Disability is Everywhere, Specialist Says

Nirmala Erevelles speaking at the symposium on disability on March 30.


NORMAN, Okla. – What is the connection between the Flint water issue, the Ferguson shooting and transnational labor? Disability.

Flint water lead poisoning targeted poor people, mostly black already made vulnerable by a school-to-prison pipeline system. The Ferguson shooting of a young black by a white policeman was one more of a long series. People working in Bangladesh at oppressive rates with no right for occidental companies, or Mexican illegal immigrants working in U.S. farms at the mercy of their master.

These examples were discussed by Nirmala Erevelles, a professor of Educational Leadership & Foundations of Education at the University of Alabama and one of the guests present at the symposium on disability studies organized by the University of Oklahoma Humanities Forum on March 30.

Erevelles, who has been studying disability for 20 years, said she began studying disability when she learned about her diabetes.

“Now I have a disability,” Erevelles said. “Therefore I saw disability not anymore as a cause but as a logic.”

She added that disability can be seen everywhere such as a child going to school to learn, and therefore disability doesn’t only correspond to our body but also to a perception of how we are seen by others and the society.

“The context is important in how we see disability,” Erevelles said, adding some context cannot tolerate any type of variance.

Telling the examples of the women body, Erevelles said in some cultures women with more form are seen as the norm when in Occident, skinny women are the standard used by fashion.

The professor Erevelles said today society has a need to measure and standardize everything and everyone such as Erevelles’ daughter who on her first day at school had to pass some tests.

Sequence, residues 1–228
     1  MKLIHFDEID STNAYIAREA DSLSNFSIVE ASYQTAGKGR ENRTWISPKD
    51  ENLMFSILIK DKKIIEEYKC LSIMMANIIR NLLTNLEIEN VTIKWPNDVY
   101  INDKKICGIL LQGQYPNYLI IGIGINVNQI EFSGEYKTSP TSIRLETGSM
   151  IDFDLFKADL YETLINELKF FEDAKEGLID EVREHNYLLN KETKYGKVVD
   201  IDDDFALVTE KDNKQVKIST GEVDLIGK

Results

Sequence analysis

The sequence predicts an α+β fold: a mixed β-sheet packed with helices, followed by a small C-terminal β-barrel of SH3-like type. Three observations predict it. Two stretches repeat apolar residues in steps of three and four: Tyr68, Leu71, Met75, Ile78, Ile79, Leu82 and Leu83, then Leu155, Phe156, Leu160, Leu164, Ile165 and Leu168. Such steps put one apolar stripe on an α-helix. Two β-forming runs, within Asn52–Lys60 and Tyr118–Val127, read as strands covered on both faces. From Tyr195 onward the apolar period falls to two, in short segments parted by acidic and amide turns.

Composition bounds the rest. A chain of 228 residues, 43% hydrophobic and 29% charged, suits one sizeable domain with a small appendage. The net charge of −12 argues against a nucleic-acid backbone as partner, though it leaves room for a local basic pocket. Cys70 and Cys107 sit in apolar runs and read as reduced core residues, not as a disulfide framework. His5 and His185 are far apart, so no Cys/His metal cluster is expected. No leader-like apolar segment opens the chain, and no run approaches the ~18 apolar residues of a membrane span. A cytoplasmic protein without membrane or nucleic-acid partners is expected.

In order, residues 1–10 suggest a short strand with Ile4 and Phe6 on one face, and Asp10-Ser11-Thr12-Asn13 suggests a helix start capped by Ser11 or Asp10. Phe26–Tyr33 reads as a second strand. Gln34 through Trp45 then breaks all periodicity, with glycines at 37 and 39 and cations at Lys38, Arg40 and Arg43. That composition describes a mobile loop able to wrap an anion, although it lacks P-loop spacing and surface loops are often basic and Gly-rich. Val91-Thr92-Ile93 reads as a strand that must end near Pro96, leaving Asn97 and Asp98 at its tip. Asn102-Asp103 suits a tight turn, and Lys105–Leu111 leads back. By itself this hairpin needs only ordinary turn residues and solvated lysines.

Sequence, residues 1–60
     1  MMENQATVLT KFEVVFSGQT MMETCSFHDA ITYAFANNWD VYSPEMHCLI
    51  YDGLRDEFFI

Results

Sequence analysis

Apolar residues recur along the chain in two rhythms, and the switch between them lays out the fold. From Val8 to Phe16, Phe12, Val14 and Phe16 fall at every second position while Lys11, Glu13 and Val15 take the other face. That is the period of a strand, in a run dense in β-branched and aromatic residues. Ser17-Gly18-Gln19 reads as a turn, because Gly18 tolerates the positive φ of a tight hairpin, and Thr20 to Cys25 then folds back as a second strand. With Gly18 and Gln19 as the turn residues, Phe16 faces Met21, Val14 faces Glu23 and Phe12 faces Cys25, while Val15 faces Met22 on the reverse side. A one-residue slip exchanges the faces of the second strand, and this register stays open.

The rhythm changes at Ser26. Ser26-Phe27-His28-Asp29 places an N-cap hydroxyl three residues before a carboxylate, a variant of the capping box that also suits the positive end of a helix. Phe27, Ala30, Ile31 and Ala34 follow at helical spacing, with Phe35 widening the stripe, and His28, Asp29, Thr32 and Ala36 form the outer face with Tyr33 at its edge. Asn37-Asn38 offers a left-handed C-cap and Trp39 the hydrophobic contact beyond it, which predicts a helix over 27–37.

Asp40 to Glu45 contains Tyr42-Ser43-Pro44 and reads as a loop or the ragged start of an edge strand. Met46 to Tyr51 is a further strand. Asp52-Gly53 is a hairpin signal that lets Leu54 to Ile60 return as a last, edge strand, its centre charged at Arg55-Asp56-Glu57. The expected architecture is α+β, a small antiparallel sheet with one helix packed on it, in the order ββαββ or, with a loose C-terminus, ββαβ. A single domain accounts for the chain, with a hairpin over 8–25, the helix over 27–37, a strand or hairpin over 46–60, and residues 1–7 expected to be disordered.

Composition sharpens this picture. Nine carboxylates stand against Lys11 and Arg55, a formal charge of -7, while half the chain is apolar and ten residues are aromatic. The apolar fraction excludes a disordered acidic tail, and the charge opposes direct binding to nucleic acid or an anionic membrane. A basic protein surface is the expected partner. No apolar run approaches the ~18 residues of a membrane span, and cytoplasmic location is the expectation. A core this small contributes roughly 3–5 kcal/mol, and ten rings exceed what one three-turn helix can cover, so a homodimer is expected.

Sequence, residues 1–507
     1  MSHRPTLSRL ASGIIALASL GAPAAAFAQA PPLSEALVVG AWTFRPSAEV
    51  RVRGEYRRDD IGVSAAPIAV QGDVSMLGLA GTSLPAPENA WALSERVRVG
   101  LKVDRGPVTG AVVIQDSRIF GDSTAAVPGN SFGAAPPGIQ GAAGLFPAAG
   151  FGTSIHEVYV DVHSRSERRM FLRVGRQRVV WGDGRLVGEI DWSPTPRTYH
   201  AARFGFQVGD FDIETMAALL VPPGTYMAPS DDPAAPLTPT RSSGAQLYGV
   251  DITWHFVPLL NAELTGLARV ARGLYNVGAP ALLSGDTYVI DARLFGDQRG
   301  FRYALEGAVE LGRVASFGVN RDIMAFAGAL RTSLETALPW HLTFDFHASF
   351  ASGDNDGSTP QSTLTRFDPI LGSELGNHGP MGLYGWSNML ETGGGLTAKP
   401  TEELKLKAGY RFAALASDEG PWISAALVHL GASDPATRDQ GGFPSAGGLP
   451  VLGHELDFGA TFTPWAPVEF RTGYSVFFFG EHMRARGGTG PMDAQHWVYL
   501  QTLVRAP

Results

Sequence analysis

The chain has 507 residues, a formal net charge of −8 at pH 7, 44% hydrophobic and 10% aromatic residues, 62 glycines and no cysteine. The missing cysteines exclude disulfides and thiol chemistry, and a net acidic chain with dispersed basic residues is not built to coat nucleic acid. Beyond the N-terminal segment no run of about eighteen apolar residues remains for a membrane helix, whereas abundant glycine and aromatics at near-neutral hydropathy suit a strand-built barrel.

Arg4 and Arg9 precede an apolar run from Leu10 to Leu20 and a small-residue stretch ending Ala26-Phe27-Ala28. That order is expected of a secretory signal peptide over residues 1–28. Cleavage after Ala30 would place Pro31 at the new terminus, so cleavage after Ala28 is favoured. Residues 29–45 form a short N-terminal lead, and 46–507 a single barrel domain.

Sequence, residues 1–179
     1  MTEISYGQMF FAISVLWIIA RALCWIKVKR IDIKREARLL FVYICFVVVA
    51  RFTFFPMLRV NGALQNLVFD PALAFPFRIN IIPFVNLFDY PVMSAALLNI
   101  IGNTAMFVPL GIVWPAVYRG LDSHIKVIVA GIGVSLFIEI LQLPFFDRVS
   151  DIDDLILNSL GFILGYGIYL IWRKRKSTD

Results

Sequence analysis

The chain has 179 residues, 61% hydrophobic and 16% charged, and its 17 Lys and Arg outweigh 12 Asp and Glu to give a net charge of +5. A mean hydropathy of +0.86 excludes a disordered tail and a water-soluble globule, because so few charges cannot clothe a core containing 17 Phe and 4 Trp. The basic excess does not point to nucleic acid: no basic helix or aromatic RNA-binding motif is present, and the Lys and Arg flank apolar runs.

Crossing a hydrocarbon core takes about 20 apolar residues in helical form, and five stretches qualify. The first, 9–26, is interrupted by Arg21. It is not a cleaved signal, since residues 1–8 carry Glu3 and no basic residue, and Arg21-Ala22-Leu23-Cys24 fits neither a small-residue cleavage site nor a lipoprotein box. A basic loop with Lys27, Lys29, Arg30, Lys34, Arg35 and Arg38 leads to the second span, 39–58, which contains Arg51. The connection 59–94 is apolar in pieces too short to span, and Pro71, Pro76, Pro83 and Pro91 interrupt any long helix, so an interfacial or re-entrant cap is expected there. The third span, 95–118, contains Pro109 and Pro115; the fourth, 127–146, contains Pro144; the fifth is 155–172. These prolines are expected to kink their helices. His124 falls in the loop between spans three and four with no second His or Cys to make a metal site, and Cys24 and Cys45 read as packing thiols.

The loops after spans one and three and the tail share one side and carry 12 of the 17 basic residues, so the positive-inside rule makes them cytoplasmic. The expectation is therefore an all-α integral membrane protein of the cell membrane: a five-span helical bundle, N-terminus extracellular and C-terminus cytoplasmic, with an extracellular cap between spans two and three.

Then, Erevelles said disabilities are becoming a real business, companies using data and personal information to sell products and services such as to conform your body to the norm by doing fitness and eating specific foods to lose weight. Therefore manipulating and forcing people to buy products they don’t necessarily need.

“Because I am diabetic I am considered obese, but my diabetes has nothing to do with a weight problem,” Erevelles said. “We are never normal enough.”

Further, Erevelles said disability has national consequences wondering if “People are still independent?”

A subject that has certainly various important repercussions not only on the society of today has it been observed by Erevelles but also in the past such as during World War II and the massacre organized by the Nazi toward Jewish, Gypsies and gay people who were not considered as Aryan.

It is difficult after listening to Erevelles’ lecture to not think about our dear president Donald Trump who has set the new American’s norm as White and Christian, a norm already informally in place due to the White Christian majority of this country. What will be the consequences of such decision? Will people have enough courage to not let itself be swayed and accept differences?

By: Olivier Rey / Red Dirt Report

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